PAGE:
Yesterday saw the release of the long delayed and much anticipated government White Paper on housing. The report, delivered in a statement to Parliament by Communities Secretary Sajid Javid, represents a cornerstone of Theresa May’s agenda to improve outcomes for low to middle income families, young people and those ‘just about managing’ (the Jams). Briefings to journalists before the release raised hopes of a major policy shift to deal with the twin issues of supply and affordability, as well as effective reform of the planning regime. But are the measures outlined radical enough to deal with an assumed shortfall of 1.25 million units in England alone?
- Forcing councils to produce an up-to-date plan for housing demand.
- Expecting developers to avoid “low-density” housing where land availability is short.
- Reducing the time allowed between planning permission and the start of building from three to two years.
- Using a £3bn fund to help smaller building firms challenge major developers, including support for off-site construction, where parts of buildings are assembled in a factory.
- A “lifetime ISA” to help first-time buyers save for a deposit.
- Maintaining protection for the green belt, which can only be built on “in exceptional circumstances.”
- Introducing banning orders to remove the worst landlords or agents from operating.
- Banning letting agents fees.
A decade ago, then Bank of England policy maker, Kate Barker, produced the Review of Land Use Planning report which recommended root and branch reform of the planning system as a crucial step to unlock economic potential. Whilst there have been changes in the intervening years, it is clear that the system remains largely opaque and a source of great frustration for the housing sector. Furthermore, Sajid Javid highlighted cases where councils have hidden the true extent of their own local shortages in order to avoid opposition to new developments, whilst more than 60% of Local Authorities have no active housing plan at all.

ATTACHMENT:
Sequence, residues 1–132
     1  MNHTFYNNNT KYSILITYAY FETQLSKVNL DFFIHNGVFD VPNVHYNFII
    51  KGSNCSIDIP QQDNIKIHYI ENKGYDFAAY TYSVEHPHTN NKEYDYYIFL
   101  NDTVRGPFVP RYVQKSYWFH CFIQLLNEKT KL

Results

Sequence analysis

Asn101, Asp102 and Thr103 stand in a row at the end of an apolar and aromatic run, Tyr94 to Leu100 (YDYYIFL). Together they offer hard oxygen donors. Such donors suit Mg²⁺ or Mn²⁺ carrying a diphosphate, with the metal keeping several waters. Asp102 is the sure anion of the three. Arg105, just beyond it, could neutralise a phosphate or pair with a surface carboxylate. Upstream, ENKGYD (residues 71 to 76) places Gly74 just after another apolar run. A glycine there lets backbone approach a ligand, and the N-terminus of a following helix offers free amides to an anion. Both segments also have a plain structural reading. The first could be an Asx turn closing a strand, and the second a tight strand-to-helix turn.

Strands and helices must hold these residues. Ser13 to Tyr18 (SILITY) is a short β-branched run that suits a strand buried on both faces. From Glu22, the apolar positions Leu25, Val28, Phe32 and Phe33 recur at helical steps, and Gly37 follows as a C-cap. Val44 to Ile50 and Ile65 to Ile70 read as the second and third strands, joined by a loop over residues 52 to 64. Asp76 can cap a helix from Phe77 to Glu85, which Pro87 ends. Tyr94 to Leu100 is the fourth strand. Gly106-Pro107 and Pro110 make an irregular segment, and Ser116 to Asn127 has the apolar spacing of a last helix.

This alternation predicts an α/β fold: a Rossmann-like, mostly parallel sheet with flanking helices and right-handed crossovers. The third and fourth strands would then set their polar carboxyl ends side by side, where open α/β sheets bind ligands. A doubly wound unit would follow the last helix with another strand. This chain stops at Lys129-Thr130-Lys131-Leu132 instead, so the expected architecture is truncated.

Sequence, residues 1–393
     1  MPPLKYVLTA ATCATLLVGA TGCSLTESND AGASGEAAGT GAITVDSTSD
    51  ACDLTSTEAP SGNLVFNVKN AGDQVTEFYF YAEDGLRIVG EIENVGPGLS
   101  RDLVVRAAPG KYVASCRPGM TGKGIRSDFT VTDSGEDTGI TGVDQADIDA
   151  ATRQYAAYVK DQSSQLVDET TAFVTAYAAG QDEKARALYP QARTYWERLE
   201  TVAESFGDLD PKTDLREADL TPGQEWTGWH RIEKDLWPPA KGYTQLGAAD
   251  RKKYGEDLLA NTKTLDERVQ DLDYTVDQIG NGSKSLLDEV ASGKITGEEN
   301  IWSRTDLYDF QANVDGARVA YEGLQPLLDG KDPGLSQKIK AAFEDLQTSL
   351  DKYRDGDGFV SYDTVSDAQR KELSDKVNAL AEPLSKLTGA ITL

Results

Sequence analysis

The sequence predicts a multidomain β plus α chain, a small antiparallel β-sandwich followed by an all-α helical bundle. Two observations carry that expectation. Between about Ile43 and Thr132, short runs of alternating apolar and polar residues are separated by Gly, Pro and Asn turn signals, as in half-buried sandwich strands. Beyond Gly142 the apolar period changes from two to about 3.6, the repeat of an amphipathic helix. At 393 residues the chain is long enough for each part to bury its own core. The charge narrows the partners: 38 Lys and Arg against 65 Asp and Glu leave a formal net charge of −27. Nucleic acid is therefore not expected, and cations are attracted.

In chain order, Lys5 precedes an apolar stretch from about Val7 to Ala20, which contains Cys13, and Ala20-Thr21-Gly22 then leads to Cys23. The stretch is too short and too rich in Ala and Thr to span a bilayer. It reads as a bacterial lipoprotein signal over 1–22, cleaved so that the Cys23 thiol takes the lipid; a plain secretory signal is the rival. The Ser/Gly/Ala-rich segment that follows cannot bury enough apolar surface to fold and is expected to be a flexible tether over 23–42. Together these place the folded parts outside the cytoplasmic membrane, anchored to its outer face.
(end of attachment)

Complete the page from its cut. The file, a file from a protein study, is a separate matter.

Working to resolve planning bottlenecks, increasing build density or getting creative with unit sizes and heights will all work to reduce the shortfall, altering the demand/supply balance, but can only be truly effective if combined with other measures to improve affordability.
Despite solid employment trends of late, thirteen years of stagnant real incomes, a financial crisis, QE and a near record income equality have served to lock many groups, particularly young key-workers out of the housing market, forcing them in to an expensive rental sector. To solve this we must build more affordable homes. Ensuring new developments include at least 10% of affordable units is a step in the right direction, if rigorously enforced.
Although derided by opposition groups, the White Paper has been applauded by house builders and is clearly a step in the right direction but much more must be done to simplify planning and improve affordability. The report admitted 250,000 homes must be built each year to fix a ‘broken’ housing market. Making better use of empty property should be prioritised and the rented housing stock needs to be brought up to scratch. Green spaces must be protected but it is clear that brownfield development alone is insufficient to plug the yawning chasm. More measures are needed to aid first time buyers and to reduce the cost of getting on the housing ladder. A national plan combining housing need with infrastructure and communication links would be of great benefit to our future outside the EU.
Mike Harris – Independent Director.